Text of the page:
Claire Denis's 'High Life,' starring Robert Pattinson, was inspired by sci-fi greats such as 'Solaris' and '2001.'
If you know anything about Claire Denis, you know that she does it her way. The French auteur, whose oeuvre includes Chocolat (1988), The Intruder (2005), 35 Shots of Rum (2008), White Material (2010), and Let the Sunshine In (2019), deals in cinematic risk-taking. Her films find their tension not from their narratives—which are often elliptical and vague—but from their rich characters, who navigate troubling social contexts that are ultimately revealing of human nature.
High Life is Denis's first foray into science fiction. Here, she heats the social context to a boil. On the course of a deep-space mission, a crew of inmates on death row navigates a hermetically sealed environment—a prison, in the form of a spacecraft. At the helm is Dr. Dibs (Juliette Binoche), who performs fetishistic experiments on the prisoners' reproductive systems with the ostensible goal of incubating a baby in space. Monte (Robert Pattinson) is the only prisoner who refuses to participate; nonetheless, he ends up a father. This is how we first encounter him. In the film's early scenes, Monte tends to Willow, his newborn. He is utterly alone on the ship. Through flashbacks, we learn what happened to everyone else.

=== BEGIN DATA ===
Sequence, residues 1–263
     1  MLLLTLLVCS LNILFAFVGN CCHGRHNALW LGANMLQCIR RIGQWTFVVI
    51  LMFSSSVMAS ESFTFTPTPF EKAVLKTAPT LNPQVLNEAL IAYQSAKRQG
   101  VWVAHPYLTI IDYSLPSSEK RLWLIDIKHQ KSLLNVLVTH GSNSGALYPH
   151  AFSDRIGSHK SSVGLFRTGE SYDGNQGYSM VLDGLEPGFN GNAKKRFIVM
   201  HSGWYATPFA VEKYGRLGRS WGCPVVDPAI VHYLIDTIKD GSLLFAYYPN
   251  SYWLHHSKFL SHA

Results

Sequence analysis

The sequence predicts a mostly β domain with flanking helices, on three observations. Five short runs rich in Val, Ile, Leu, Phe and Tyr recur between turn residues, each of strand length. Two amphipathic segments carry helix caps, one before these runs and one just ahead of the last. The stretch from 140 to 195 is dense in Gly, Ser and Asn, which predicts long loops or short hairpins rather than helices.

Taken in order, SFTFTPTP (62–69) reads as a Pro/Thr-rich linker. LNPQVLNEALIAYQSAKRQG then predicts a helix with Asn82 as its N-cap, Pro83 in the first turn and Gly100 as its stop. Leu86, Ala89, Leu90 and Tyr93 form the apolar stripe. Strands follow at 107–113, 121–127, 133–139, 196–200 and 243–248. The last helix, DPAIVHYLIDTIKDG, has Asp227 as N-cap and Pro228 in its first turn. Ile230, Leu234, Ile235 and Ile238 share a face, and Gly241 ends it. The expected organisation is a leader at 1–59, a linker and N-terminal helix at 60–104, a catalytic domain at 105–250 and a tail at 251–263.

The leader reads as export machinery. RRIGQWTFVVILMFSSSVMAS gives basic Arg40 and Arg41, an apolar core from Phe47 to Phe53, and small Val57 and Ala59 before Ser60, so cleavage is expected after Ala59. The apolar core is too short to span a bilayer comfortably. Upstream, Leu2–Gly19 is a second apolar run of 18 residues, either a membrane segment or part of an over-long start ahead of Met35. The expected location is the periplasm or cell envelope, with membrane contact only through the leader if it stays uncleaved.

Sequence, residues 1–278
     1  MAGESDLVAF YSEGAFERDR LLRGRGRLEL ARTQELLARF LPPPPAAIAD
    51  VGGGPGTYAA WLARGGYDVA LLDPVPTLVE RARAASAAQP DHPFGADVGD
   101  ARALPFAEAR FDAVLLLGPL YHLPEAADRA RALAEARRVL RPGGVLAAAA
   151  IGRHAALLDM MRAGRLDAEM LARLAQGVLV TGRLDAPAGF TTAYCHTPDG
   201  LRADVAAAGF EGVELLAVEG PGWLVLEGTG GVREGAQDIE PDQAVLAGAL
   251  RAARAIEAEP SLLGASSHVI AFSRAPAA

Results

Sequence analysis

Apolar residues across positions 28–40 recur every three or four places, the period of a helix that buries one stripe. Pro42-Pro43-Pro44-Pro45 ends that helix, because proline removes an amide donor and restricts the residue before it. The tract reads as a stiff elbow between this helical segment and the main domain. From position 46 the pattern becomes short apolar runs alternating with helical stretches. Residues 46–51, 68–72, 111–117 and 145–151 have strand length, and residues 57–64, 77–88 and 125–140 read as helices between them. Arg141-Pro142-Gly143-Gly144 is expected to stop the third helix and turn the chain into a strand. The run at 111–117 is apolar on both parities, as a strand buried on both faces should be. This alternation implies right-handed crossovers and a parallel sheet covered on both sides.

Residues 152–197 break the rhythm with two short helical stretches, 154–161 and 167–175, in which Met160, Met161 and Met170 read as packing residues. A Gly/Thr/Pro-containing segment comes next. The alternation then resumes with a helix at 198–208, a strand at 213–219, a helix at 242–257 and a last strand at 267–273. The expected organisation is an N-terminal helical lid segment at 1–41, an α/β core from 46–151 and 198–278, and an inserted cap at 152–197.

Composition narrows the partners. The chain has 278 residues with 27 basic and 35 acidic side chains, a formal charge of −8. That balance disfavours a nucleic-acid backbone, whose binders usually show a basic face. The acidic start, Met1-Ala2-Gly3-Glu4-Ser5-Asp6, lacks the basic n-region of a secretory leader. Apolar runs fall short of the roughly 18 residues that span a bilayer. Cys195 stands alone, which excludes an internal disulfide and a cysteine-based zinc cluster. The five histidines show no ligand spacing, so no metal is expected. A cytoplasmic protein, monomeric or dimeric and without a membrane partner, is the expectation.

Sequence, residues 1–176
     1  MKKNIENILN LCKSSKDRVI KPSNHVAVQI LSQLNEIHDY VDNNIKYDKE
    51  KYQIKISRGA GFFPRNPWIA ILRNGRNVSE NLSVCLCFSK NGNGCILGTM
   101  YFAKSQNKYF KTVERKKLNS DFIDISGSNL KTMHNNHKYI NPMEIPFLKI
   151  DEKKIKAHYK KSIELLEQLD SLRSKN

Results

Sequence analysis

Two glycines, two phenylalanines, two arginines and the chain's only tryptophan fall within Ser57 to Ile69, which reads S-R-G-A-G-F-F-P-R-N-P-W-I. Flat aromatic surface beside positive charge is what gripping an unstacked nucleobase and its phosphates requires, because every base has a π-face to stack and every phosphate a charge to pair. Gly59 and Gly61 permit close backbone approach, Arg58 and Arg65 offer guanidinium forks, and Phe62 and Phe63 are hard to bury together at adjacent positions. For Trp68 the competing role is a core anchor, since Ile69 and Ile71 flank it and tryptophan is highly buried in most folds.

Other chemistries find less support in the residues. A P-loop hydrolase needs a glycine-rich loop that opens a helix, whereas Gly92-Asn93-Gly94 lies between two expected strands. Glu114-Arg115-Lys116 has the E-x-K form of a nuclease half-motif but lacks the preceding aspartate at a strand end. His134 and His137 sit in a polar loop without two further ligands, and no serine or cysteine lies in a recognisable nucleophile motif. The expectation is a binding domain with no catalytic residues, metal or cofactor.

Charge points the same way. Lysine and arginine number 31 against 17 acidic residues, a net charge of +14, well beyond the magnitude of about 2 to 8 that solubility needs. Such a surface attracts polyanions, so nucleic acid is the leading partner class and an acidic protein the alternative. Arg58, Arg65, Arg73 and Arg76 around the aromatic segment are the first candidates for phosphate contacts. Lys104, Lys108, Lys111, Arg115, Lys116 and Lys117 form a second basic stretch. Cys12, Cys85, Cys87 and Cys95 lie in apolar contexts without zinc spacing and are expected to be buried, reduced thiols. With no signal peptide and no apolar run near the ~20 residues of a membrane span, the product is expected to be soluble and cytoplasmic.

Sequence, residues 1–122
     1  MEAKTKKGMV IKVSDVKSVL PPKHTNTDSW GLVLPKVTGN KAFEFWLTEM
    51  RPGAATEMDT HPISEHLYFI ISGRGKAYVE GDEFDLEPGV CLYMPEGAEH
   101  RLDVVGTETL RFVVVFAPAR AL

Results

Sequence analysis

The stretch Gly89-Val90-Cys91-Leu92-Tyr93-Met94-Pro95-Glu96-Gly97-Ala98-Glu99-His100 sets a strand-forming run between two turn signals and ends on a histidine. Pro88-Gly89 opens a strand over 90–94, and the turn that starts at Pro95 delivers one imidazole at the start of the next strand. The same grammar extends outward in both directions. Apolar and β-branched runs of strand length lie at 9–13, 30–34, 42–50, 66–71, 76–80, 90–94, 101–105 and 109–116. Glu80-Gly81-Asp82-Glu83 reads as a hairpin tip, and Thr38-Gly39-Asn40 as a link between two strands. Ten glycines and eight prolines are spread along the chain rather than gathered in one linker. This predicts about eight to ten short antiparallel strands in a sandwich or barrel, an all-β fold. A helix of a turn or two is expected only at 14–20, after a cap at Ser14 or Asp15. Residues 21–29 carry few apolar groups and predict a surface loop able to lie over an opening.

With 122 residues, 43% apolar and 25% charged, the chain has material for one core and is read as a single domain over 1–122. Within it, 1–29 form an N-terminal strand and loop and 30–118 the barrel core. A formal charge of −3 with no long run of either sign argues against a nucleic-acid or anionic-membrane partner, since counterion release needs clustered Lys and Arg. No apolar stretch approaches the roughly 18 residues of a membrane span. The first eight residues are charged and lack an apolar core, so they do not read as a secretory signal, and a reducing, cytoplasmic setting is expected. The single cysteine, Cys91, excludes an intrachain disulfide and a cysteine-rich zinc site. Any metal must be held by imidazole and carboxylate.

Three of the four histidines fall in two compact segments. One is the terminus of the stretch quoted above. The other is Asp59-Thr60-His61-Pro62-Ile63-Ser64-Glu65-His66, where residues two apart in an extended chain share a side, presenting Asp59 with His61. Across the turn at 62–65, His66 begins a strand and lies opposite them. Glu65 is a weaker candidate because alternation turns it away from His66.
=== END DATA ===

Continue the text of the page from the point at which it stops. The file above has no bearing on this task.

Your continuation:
True to form, Denis eschews the conventions of the genre, opting instead for an intense vivisection of social breakdown, told with mesmerizing imagery and more than a few mind-bending cosmic scenes.
"There was a tendency to try to convince me that this should be more elaborate—that my vision was too simple. I had to fight for it."
No Film School sat down with Denis and Pattinson to discuss navigating the minimalist design of the spaceship, how Pattinson served as the DP for a single scene, and why the set was lit entirely with pre-fixed, and more.
No Film School: Claire, this is your first foray into science fiction. And Robert, you're not known for taking on sci-fi roles. What does sci-fi mean to you?
Robert Pattinson: It's funny. I think [Claire and I] have the opposite taste in sci-fi. I sort of like the operatic sci-fi. I like movies with enormous scale. You can't really get a bigger stage than in sci-fi movies.
Claire Denis: For me, it was a childhood thing. I would love to read sci-fi books, then later watch sci-fi films. But then I saw 2001, the Kubrick movie, and I thought, "Now this is it." I remember when I saw Tarkovsky's Solaris, I thought it was great that it was not scientific or technical; it's sort of a mental trip. In Solaris, the physicist is a widow. He lost his wife. And he accepts the trip because he's hoping maybe he will be together again with his beloved wife. I thought that was better than just a sci-fi movie about a war between one ship and another. Things like that, I'm not very interested in. With 2001, it's as if Kubrick had been dreaming of the complete universe, you know?
NFS: And how did you conceive of High Life's universe, which exists almost entirely on a very lo-fi spaceship, and is very much rooted in the human experience?